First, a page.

My friend Anthony called in sick on 9/11. His company suffered heavy losses. He might have died if he went to work that day. The only other time in Anthony’s career he ever took a sick day was the first time those Muslim animals bombed the WTC. That was February 26, 1993. What are those odds?
My buddy John is a Special Agent with the FBI. John is documented as being the closest Federal agent to survive the collapse. Personally, I’m not a big fan of the FBI. But I love John. He’s a great Patriot, actually. I bet what is going on in America these days makes him sick.
Here’s an aside and completely true story: a week before 9/11/01, I hung out with John and 2 or 3 of his FBI colleagues. John and I shared a summer house and his workmates stopped by. Now, these are all FBI Agents working some counter-terrorism unit in the NY Field Office and there was something wrong with them. I asked what was the problem. After some refreshments it came out.
They were chasing ghosts and were exhausted. They were on high alert but just didn’t know what the hell was going to happen. It was anguishing. They knew something was going to happen. They just didn’t know what. I wholly respect them, actually.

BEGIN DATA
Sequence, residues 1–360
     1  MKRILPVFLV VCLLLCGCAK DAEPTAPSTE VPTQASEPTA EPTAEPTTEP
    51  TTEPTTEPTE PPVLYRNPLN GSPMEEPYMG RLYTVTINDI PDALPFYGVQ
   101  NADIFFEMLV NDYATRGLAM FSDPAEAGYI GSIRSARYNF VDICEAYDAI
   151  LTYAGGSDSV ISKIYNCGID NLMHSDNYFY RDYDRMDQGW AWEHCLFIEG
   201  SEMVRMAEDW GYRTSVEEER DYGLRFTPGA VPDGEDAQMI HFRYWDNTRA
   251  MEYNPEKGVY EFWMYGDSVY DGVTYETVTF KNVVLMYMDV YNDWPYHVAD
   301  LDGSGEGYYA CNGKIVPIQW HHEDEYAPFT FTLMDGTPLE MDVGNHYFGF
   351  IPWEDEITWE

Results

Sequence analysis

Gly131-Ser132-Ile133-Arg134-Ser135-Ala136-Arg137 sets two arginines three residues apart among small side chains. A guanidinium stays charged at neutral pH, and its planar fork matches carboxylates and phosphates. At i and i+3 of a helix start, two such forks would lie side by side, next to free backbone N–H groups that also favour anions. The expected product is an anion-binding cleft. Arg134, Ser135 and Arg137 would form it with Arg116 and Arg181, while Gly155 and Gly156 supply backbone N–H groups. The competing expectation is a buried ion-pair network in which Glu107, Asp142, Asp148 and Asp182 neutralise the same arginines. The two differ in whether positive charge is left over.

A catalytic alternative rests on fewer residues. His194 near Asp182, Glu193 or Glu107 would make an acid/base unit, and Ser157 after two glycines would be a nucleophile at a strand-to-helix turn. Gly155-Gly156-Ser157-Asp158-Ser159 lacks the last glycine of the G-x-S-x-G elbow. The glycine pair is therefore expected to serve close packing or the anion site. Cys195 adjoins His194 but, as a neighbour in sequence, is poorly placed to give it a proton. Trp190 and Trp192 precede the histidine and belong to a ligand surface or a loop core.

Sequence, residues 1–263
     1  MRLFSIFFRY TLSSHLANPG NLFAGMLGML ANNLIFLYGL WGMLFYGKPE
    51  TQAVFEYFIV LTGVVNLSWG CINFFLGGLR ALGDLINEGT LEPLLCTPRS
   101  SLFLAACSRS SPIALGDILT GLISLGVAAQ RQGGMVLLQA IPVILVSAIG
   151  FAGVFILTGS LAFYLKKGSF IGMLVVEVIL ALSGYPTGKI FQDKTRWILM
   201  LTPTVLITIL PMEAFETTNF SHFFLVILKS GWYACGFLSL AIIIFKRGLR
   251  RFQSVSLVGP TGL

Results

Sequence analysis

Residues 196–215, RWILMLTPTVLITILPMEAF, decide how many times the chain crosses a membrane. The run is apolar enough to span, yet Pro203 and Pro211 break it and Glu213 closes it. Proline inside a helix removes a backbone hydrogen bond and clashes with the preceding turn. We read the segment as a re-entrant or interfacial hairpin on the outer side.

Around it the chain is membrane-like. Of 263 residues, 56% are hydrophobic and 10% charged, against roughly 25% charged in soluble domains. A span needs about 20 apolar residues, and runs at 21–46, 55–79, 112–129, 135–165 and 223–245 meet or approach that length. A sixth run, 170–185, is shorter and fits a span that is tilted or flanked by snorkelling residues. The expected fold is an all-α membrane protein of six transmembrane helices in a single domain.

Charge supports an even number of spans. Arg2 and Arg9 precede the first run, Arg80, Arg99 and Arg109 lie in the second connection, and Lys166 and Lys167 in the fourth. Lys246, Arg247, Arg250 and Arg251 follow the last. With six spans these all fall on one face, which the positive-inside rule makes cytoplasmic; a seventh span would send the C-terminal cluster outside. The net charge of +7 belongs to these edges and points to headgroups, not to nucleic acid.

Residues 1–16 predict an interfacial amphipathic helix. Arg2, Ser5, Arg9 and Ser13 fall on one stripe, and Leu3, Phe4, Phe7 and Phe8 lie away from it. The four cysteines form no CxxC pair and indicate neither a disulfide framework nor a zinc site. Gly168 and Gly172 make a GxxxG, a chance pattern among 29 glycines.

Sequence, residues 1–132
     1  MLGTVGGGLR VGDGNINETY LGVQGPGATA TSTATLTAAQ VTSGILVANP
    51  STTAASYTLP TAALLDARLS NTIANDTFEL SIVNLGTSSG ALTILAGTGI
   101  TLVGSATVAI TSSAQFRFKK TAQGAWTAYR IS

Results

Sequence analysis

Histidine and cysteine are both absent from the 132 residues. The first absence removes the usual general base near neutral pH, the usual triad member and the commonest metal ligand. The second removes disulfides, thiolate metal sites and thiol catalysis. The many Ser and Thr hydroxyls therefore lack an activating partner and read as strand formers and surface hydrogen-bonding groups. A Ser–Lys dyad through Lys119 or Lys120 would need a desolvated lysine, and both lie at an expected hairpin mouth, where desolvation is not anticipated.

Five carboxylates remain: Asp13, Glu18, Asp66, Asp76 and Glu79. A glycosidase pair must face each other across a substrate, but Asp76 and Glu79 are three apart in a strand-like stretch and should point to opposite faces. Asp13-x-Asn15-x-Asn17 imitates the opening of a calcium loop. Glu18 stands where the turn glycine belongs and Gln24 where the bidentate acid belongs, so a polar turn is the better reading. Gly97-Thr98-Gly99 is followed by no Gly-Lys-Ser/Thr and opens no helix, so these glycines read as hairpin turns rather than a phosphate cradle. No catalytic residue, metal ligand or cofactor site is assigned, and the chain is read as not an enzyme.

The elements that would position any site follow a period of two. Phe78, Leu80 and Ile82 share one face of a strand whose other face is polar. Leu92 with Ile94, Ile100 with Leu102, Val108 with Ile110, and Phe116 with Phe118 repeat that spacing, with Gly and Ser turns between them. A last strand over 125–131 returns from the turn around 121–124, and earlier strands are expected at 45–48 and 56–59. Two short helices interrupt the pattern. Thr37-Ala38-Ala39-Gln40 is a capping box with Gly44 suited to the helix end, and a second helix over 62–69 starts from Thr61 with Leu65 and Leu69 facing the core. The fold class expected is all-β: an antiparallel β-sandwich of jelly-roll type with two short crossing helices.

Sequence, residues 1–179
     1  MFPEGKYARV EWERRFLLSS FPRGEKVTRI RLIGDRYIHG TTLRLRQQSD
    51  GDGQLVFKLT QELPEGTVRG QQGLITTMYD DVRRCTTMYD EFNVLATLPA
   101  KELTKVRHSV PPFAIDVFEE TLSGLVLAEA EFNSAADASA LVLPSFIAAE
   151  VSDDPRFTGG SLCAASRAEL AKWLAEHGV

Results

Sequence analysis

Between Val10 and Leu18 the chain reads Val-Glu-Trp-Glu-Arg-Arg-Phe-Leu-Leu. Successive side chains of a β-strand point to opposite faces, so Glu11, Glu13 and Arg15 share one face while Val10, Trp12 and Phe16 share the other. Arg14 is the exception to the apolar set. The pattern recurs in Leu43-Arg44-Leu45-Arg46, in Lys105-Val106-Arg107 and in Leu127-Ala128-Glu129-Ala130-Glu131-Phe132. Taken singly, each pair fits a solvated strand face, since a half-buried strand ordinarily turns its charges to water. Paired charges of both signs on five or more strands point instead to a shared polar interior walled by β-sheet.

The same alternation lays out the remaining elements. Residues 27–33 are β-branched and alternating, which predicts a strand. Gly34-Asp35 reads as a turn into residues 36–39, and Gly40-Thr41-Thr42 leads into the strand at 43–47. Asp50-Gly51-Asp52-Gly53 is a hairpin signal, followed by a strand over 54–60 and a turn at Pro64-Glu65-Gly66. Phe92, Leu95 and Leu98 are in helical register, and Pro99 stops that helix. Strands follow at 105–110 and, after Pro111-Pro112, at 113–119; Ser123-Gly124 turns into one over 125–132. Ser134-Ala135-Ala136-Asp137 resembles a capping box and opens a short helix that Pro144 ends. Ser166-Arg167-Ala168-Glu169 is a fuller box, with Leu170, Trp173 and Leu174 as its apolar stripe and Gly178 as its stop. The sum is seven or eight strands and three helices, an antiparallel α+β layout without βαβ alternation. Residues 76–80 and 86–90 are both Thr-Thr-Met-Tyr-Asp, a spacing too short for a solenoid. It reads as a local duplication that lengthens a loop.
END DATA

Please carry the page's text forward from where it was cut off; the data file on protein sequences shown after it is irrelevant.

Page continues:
I know building maintenance personnel at Two World Financial Center. These men stood in the plaza as falling bodies crashed onto the pavement around them while they were trying to help. When they tell me their experiences there is something missing in them. They’ve lost a part of their soul. They are victims, too.
There are plenty of other horrific stories of people I know or have some relationship to 9/11. Did you ever see the street level video by those French filmmakers? The one where the FDNY is dealing with a gas leak and then the sound of the plane ricochets off the buildings and a fireman looks up to the plane hitting the North Tower and some man’s voice says repeatedly, “Holy shit. Holy shit. Holy shit.”? I know that guy. He works for Con Ed, the Electric Company in NYC. But let me get back to the eerie circumstances of The Harbor Lights.
That summer night in July 2001 was memorable both at the time and especially after the fact.
I had been to the Harbor Lights several times. It was a great bar and a local institution. The upstairs room held a few family parties I attended. Great memorabilia on the walls. A neighborhood, family joint.
I wasn’t friends with Charlie and Chris. Didn’t even know them, actually. I just happened to wind up with them at Harbor Lights because we were part of a larger group celebrating a classmate’s graduation party. It was a happy time and we were young.